Attempt on Life of President Amin -Normalization of Diplomatic Relations with Britain -Compensation Agreement with India - Strained Relations with Kenya
President Amin of Uganda narrowly escaped an assassination attempt in Kampala on June 10, 1976, when three hand grenades were thrown as he was leaving a passing-out parade at the Nsambya police barracks.
The grenades failed to hit the President but injured at least 36 persons, one of whom-the President's driver-died on June 15. The attackers were immediately overpowered, some of them being subsequently reported as having been killed and others taken to prison. Further reports of widespread arrests and killings following the attempt were, however, emphatically denied by the President on June 14.
According to press reports in Kenya, based on sources in Dar-es-Salaam (Tanzania), another attempt on President Amin's life had been made a week earlier when a car was shot at in Entebbe and its three occupants were killed, shortly before the President's car passed by without incident.
Among earlier reports of attempts to overthrow President Amin was one according to which diplomatic sources in Nairobi had stated on Sept. 9, 1975, that troops led by a Lieut.-Colonel Gori (a cousin of the late Lieut. -Colonel Michael Ondoga, the former Foreign Minister whose body had been found in the Nile in March 1975A) had made an unsuccessful attempt to overthrow the Government of Uganda.
The Ugandan Defence Council announced on June 25 that it had appointed Field Marshal Amin as President of Uganda for life and congratulated him on having achieved within a few years" what nobody could have done in a century".
Diplomatic relations with Britain, which had been strained by the threatened execution of the British lecturer, Mr Denis Hills, in June-July 1975, were restored to normal on Dec 18, 1975, with the appointment of a UK high commissioner (Mr James Hennessy-hitherto acting high commissioner) for the first time since the recall of Mr Richard Slater in late 1972 following the expulsion in that year of non-citizen Asians holding British passports.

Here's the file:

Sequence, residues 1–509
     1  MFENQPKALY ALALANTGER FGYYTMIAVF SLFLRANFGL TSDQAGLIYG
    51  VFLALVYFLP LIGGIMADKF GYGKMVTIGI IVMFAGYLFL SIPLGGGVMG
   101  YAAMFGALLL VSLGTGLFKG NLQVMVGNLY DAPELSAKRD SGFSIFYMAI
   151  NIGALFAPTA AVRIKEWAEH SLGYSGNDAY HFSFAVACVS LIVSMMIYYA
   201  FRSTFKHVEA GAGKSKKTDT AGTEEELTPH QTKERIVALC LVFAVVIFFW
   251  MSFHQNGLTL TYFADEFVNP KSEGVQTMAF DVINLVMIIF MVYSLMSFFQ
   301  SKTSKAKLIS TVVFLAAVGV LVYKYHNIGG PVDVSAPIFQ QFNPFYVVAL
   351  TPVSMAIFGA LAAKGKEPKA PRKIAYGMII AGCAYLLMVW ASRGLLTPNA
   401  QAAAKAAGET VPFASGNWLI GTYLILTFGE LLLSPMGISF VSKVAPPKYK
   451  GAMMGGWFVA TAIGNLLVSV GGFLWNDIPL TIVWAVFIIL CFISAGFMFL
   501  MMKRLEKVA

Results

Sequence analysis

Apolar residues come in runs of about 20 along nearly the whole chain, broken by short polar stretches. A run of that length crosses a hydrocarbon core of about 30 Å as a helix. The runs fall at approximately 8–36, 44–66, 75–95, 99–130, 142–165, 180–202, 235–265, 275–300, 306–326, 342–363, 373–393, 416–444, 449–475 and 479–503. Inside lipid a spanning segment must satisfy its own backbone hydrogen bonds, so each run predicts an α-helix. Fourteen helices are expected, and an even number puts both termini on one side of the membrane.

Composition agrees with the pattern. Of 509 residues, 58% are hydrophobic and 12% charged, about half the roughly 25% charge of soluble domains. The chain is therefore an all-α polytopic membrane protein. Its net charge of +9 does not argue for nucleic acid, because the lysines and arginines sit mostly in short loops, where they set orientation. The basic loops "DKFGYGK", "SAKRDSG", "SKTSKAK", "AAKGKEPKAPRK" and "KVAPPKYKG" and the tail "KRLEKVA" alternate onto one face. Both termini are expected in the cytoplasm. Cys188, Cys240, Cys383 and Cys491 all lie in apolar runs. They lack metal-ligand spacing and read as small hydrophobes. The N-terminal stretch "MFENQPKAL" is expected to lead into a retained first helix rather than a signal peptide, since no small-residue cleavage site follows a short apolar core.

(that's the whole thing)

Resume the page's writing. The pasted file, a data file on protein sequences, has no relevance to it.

Among some 500 Britons still in Uganda, Mr Thomas Walter Webb, a ground engineer with Fast African Airways, returned to Britain on May 8, 1976, after having been accused of plotting to overthrow the Government of Uganda : he had earlier, on April 15, been fined 10,000 shillings (about £625) for possessing an air pistol and spent ammunition without a licence, and had been released from prison on May 3.
Although the issue of compensation for property losses by Asian holders of UK passports expelled from Uganda in 1972 remained unresolved despite negotiations, a compensation agreement was reached between Uganda and India.
On Jan.24, 1976, President Amin handed to Mr Bipin Pal Das, Indian Deputy Minister of External Affairs, a cheque for over $1,600,000 (13,000,000 rupees), this amount to be distributed as compensation to Indians expelled from Uganda in 1972. President Amin stated that he had promised to pay such compensation when he met Mrs Indira Gandhi, the Indian Prime Minister, at the conference of non-aligned countries in Algeria in September 1973. The number of Indian citizens affected was between 6,000 and 7,000 : a total of 1,535 claims had been filed on their behalf : and the payment had been agreed in negotiations concluded in December 1975. The Ugandan President also stated that he wished to strengthen relations between the two countries and in particular to obtain Indian co-operation in setting up more sugar mills in Uganda.